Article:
Tuesday, 28 May 2013

Festival Habits

This weekend I was at the Exmouth Festival, a week long celebration of local music and culture. From what I saw it is a brilliant mix of local amateur groups, local professional bands and community activities. With the sunshine warming the air everyone had smiles on their faces and the park venue was covered with happy picnicking families all afternoon and well into the night.

When I arrived early the next morning (some of us were working the bank holiday!) I was quite shocked to see the park absolutely covered in litter. I expected some rubbish but not the huge amount of plastic bags, beer bottles, plastic bottles and other debris strewn around on the grass. I was so shocked I took a picture.

It amazes me that even with many well placed bins around at the festival so many people had just dumped their litter. Especially because most visitors lived only streets away and could have easily taken their rubbish home. Local people who wanted to enjoy a quiet morning stroll or jog through their favourite park must have been disappointed and if it were my local green spot it would definitely put me off supporting another festival. Thankfully, a lovely group of festival volunteers quickly appear and with incredible  speed and efficiency cleared away all the rubbish, replaced bin liners, tidied flower borders and checked the whole site was safe for another day's fun in the sun.

Three things struck me about the festival and it's rubbish. The first was how fantastic the volunteers were. Many had been at the festival the night before, with little sleep in between, and I doubt many were thanked by visitors as all the clearing up was done well before anyone else arrived. But they still turned up with smiles and cleaned up their park, and it was lovely to see the pride local people took in caring for their local area and the effort they go to in making this annual event a success.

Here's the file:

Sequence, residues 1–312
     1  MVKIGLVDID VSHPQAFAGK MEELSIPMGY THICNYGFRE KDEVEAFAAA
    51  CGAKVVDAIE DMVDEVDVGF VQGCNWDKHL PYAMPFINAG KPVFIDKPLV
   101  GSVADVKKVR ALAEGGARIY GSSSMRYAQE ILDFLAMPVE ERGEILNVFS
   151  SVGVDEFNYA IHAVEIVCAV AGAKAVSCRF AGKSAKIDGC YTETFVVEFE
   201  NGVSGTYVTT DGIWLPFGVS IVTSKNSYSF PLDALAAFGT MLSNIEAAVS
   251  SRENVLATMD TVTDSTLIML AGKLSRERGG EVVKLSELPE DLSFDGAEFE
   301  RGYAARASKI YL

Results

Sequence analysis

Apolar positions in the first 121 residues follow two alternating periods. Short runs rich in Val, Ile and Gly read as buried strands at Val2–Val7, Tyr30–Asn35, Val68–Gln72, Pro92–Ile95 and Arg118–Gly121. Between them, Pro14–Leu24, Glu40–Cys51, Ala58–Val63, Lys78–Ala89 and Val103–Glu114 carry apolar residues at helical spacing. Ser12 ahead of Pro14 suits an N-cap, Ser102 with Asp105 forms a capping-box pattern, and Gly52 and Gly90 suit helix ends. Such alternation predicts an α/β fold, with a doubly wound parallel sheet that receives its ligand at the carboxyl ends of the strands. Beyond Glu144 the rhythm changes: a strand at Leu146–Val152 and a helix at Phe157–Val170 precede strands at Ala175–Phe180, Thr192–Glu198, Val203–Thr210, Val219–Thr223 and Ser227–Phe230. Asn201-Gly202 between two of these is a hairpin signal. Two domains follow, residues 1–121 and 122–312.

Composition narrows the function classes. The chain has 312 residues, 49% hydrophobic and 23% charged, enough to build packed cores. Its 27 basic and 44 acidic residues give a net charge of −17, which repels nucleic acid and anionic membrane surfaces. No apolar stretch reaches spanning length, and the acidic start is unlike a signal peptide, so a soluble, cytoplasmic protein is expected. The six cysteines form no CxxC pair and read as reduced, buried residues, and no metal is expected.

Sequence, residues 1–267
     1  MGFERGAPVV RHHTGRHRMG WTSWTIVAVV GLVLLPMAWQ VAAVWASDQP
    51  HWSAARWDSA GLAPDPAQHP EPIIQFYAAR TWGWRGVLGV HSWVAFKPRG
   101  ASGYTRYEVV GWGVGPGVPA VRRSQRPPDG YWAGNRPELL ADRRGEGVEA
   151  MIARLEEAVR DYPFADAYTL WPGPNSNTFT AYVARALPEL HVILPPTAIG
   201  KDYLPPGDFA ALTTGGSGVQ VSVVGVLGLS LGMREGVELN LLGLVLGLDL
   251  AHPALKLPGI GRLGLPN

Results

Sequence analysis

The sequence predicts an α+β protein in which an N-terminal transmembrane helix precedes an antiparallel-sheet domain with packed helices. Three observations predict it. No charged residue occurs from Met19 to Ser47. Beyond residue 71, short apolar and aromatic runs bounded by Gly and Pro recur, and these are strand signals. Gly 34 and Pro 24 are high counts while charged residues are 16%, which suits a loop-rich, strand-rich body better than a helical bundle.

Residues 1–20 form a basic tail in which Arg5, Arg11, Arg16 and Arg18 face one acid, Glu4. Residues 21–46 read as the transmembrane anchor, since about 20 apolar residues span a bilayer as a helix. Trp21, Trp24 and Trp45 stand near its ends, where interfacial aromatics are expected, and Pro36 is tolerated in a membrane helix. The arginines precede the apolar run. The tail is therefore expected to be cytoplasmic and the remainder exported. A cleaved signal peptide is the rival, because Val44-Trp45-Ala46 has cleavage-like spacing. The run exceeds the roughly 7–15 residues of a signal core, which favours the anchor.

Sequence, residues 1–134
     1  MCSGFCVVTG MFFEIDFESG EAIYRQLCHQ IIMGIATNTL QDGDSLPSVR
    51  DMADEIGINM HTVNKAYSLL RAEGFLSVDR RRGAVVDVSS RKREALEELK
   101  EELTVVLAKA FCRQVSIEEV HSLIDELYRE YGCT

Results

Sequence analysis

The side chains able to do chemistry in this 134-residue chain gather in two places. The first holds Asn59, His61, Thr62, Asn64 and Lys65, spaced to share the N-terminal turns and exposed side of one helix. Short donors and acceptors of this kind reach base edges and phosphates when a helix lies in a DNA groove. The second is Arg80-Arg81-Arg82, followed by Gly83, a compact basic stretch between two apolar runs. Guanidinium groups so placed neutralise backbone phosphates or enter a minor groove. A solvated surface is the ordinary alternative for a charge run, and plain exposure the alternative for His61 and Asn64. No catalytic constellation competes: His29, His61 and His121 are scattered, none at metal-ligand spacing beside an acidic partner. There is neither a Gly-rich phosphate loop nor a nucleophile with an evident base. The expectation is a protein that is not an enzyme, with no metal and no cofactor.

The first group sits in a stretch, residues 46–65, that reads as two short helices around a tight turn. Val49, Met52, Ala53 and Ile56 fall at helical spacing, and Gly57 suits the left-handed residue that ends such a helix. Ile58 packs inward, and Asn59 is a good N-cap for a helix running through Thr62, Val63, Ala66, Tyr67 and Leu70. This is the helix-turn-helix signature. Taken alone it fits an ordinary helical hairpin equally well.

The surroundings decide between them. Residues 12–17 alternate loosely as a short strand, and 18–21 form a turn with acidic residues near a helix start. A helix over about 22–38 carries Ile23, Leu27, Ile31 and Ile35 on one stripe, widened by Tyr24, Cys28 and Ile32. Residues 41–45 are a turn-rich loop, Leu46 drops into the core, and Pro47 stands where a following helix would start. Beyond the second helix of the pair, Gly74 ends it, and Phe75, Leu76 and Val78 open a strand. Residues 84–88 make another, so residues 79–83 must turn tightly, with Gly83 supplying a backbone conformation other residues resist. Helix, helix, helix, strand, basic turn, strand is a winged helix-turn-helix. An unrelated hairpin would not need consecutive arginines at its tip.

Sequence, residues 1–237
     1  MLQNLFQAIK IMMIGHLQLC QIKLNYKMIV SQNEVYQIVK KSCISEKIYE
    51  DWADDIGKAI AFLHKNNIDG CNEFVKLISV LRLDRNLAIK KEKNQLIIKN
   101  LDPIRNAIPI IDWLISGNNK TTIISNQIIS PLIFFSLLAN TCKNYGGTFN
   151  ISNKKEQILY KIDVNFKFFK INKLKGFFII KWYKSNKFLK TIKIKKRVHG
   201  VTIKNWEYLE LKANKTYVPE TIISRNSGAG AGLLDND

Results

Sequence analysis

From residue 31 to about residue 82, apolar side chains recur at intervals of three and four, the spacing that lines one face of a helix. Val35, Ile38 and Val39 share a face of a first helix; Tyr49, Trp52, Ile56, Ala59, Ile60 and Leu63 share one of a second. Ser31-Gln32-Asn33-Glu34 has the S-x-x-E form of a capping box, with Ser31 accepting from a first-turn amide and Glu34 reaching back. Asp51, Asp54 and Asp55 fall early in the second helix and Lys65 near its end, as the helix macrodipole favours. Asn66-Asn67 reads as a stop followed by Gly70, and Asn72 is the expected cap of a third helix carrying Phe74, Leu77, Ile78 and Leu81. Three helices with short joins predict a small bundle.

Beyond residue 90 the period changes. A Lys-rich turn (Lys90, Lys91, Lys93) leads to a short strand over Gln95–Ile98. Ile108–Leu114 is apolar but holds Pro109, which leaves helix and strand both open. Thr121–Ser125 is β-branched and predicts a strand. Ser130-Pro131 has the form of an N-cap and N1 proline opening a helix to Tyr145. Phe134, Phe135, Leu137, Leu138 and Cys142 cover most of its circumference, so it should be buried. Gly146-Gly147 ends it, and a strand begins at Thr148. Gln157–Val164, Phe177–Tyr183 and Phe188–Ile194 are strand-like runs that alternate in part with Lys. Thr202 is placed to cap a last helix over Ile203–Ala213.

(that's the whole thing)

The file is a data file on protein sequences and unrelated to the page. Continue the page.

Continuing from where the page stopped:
The second thing I noticed was there were no recycling bins on site, only general waste ones. Since people didn't seem to manage to take their rubbish to any bin I don't know if recycling bins would have helped but I do hate the idea of so much rubbish just going to landfill. What I hope happened is that all the waste (mostly glass, plastic and cardboard) was sorted somewhere else, and will be recycled back into the system anyway. Having recycling bins might not have encouraged more people to dispose of their waste, but it would have been a good opportunity to raise awareness of recycling in the local community.

The last thing I noticed was that people seem to forget their normal habits when out and about. many families that visited the festival during the day took their rubbish home, perhaps people lots of people could see what they did and how they left the grass for other picnickers. But when it turned to evening people just didn't seem to bother. I would be amazed if all those festival goers just threw rubbish on the floor normally, in fact I bet most of them recycle, so why didn't they clean up after themselves at the festival? Maybe it's something to do with other people being in charge, and the assumption that other people will tidy up afterwards too. Whatever the reason it makes me sad that so many local people are happy to just dump their rubbish for someone else to deal with in their lovely local park.

I'm going to lots of festivals this summer, and I'll be interested to see whether people clear up after themselves, if there is recycling and what the atmosphere is like. It also means that my blog might be a little less regular than normal, but I hope you'll keep reading and enjoying them when they appear!

Monday, 27 May 2013

A Quick Look Back

Due to the bank holiday (and a very busy work schedule) a new blog will appear here on Tuesday the 28th May. 

But while you wait, why not have a look at some of my previous blogs from this time of year?

Check out this, this, this or this.

Monday, 20 May 2013

Stories For Our Not So Distant Future